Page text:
Presenting what could amount to a serious threat to broadcasters, President Bush last week proposed legislation that would require TV stations that don’t switch to digital and return their analog channels to the government by 2007 to start paying annual spectrum fees.
The White House has been offering similar spectrum fee proposals for years, and so far the broadcasting industry has easily killed them.
But this time around, some industry lobbyists are concerned that the broadcasting industry’s fortunes could be taking a turn for the worse, largely because former Rep. Billy Tauzin, R-La., who regularly derailed previous spectrum fee proposals at the industry’s behest, has resigned from Congress to head a pharmaceutical association.
Rep. Tauzin’s successor as chairman of the House Energy and Commerce Committee is Rep. Joe Barton, R-Texas, who made the industry nervous last week when he declined to comment on the president’s new spectrum fee proposal.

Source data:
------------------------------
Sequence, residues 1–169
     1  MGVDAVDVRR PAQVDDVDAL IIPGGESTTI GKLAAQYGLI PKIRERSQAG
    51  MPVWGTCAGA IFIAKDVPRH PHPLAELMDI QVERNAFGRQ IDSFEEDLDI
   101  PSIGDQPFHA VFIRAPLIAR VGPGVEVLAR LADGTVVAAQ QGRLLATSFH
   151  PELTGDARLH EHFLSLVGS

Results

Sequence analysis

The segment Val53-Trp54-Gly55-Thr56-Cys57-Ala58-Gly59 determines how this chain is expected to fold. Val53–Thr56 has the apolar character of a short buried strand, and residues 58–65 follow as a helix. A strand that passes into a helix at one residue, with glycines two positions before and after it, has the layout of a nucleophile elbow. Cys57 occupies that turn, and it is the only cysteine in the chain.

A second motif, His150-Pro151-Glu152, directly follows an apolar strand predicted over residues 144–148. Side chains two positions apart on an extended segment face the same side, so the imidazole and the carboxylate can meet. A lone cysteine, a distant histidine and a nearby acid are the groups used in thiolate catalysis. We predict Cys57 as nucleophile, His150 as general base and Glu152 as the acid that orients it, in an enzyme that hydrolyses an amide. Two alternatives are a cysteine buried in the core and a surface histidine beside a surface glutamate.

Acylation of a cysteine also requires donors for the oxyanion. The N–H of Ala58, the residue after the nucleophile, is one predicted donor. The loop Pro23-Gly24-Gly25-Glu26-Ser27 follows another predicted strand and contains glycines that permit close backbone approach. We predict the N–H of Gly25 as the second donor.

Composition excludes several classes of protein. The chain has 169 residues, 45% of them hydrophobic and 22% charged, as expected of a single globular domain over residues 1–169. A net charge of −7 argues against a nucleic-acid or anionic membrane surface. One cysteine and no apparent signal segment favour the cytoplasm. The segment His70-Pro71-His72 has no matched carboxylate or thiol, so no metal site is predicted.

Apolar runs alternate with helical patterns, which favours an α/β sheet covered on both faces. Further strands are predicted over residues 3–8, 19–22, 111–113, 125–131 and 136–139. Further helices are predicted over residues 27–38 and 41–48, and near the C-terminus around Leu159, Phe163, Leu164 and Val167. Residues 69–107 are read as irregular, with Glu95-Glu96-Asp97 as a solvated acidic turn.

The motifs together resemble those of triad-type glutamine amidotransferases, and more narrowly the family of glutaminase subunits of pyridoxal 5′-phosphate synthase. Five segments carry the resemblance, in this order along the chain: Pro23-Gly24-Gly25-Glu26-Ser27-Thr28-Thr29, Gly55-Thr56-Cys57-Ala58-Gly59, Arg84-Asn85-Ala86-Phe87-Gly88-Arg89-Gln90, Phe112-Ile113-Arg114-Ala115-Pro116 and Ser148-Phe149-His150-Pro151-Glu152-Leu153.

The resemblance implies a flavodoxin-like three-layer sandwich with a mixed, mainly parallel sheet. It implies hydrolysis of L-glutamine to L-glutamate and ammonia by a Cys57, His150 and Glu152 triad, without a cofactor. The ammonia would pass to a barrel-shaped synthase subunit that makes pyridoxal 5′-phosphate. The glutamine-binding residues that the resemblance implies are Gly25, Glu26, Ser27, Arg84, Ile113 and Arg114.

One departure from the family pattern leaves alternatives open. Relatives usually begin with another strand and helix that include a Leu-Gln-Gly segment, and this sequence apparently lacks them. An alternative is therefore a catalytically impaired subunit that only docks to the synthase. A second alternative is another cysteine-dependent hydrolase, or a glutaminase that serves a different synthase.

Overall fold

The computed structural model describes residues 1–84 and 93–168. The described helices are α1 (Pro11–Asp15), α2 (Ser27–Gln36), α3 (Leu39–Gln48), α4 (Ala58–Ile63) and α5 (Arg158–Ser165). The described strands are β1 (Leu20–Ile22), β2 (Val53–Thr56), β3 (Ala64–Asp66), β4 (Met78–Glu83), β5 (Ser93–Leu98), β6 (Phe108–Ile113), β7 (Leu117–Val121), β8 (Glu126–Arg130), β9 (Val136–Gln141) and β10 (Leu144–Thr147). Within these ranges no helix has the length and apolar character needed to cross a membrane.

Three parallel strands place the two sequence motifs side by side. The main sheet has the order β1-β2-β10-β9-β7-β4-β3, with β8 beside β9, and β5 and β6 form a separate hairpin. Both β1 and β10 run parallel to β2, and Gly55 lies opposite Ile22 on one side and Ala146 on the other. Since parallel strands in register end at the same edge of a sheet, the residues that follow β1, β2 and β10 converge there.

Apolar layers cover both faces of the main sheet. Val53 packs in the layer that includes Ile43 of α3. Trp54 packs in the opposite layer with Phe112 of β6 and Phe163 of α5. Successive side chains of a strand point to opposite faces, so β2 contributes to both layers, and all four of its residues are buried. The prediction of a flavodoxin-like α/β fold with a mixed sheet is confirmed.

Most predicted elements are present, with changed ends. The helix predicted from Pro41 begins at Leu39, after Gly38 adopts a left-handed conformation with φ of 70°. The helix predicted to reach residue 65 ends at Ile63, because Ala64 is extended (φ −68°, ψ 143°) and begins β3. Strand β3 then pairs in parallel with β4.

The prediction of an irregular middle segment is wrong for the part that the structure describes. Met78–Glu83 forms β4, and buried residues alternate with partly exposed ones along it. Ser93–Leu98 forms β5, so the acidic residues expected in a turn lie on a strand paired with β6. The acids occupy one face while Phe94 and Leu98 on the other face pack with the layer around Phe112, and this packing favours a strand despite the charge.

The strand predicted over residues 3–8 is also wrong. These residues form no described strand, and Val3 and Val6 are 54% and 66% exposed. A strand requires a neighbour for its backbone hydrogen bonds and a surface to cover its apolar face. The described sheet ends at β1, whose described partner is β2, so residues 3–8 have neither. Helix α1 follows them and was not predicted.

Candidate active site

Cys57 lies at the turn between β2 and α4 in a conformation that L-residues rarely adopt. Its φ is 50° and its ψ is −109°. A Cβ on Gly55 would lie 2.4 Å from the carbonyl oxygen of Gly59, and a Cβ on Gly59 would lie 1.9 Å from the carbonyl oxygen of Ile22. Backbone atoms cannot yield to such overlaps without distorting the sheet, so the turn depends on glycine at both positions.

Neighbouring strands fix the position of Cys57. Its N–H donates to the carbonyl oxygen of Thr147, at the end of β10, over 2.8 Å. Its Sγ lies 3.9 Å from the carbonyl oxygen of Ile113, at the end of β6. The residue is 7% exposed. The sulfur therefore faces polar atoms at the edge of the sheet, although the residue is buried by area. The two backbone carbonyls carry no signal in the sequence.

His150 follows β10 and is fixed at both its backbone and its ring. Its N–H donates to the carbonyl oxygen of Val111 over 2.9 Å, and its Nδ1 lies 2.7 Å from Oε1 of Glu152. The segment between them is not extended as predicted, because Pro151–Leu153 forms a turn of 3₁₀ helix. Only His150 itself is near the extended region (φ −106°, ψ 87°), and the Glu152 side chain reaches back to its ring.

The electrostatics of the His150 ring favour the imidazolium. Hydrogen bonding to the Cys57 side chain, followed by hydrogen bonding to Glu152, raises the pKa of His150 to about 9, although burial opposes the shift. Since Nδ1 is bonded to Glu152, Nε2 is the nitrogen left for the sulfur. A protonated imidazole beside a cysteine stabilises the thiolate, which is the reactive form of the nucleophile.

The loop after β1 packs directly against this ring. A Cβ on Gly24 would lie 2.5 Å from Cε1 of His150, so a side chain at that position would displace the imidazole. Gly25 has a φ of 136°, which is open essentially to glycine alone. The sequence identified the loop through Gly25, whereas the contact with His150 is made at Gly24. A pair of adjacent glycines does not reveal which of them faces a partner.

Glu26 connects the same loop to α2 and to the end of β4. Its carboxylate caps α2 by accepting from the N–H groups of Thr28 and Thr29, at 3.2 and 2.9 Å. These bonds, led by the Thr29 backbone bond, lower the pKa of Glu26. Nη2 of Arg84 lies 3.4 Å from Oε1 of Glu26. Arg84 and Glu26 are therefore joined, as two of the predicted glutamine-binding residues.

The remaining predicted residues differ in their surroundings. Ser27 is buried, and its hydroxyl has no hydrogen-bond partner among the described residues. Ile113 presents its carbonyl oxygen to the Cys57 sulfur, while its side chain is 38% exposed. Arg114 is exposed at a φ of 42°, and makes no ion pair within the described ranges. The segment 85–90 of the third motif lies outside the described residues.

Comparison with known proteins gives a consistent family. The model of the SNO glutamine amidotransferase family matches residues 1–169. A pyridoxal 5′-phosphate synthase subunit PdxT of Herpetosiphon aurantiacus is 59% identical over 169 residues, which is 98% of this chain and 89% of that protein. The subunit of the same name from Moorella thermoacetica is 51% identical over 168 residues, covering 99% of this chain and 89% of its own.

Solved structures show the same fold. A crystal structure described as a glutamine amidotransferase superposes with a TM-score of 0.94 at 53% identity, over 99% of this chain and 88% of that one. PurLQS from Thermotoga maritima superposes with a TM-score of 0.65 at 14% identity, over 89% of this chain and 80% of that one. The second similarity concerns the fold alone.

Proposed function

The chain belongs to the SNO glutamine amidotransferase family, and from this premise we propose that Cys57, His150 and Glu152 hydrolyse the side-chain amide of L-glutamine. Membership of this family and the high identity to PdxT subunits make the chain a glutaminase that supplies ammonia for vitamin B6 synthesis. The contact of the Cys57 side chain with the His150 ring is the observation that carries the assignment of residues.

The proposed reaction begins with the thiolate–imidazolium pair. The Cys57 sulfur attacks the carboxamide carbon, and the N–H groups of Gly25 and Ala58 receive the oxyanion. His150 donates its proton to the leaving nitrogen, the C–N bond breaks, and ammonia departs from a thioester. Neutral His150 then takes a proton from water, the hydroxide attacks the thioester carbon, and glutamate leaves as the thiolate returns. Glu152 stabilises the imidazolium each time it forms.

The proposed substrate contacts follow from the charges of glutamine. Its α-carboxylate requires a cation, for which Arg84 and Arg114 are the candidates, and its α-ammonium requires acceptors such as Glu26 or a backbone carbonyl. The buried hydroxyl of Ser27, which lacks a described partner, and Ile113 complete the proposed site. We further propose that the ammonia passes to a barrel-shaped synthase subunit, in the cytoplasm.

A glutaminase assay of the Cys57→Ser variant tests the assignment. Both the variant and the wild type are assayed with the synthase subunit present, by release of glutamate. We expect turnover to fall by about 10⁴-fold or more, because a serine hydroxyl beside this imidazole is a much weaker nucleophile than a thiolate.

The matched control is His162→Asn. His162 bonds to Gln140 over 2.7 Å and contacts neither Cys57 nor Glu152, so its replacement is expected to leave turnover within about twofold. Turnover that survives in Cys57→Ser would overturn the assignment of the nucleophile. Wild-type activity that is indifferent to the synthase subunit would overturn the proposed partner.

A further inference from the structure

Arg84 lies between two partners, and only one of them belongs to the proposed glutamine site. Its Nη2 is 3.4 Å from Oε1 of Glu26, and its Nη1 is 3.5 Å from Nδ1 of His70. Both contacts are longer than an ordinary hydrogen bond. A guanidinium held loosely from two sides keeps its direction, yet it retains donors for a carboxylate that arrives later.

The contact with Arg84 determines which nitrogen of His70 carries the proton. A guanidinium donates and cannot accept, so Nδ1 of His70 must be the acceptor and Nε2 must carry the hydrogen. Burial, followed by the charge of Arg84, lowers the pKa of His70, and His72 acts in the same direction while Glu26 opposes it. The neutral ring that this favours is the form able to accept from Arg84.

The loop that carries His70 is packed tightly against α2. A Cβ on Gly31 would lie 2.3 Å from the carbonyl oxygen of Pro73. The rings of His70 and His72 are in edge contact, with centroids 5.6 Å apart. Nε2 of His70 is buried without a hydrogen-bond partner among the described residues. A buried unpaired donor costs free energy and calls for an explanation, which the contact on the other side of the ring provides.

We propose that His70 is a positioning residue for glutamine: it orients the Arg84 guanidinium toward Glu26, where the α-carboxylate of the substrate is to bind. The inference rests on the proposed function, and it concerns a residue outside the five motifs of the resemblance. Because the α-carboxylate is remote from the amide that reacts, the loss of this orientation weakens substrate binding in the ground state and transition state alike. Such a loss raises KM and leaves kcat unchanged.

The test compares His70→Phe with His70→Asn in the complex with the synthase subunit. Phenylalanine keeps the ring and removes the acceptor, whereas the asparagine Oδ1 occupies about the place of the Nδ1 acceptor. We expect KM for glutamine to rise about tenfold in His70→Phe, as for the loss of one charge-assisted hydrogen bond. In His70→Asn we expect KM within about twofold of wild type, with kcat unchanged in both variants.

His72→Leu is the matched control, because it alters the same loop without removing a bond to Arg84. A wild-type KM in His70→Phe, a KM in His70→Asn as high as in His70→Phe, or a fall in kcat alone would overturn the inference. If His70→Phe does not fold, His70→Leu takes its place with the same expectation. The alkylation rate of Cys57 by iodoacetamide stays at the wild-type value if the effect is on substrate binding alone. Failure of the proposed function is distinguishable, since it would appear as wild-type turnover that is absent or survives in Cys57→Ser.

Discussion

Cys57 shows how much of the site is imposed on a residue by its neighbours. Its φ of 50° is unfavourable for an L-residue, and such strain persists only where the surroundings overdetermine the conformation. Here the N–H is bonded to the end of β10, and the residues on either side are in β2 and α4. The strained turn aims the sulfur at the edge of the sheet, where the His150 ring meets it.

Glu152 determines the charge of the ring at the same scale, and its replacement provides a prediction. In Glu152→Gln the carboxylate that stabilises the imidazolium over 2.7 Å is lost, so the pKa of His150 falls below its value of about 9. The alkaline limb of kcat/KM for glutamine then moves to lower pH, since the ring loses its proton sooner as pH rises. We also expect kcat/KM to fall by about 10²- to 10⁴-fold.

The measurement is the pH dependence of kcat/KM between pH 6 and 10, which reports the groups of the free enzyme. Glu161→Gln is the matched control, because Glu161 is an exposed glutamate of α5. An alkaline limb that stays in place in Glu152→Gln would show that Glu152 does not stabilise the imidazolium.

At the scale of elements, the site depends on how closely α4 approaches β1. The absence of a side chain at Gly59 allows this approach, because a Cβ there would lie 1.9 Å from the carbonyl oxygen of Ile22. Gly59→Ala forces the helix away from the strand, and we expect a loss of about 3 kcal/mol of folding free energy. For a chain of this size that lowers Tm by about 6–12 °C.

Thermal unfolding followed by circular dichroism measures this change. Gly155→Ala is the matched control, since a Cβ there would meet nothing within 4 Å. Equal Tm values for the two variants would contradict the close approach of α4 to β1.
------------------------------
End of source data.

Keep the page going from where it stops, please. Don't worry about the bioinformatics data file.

Indeed, instead of stepping up to the plate do the industry’s bidding, Rep. Barton was planning a Feb. 17 hearing to consider his own legislative proposal to force broadcasters to switch to digital as soon as 2006.
In a statement, the National Association of Broadcasters said it would fight the president’s spectrum fee proposal.
“Applying a spectrum tax on local TV stations would slow the DTV transition and ultimately harm consumers who rely on over-the-air broadcasting for news, entertainment and public interest programming,” NAB said.
Added Dennis Wharton, spokesman for the NAB, “We’ve always considered these [proposals] a serious threat, and it will be a serious threat this year as well.”
But one well-placed broadcast industry source disagreed with at least part of Mr. Wharton’s analysis. “For the first time, the industry is facing a real threat,” the source said.
Under this year’s version of the legislative proposal, which was included in President Bush’s proposed federal budget for fiscal 2006, the fee would raise $500 million from the nation’s 1,400 commercial TV stations under a formula devised by the Federal Communications Commission.
As was the case under previous versions of the proposed bill, stations would no longer be subject to the fees after they turned their analog channels in to the government, which would then auction off the spectrum.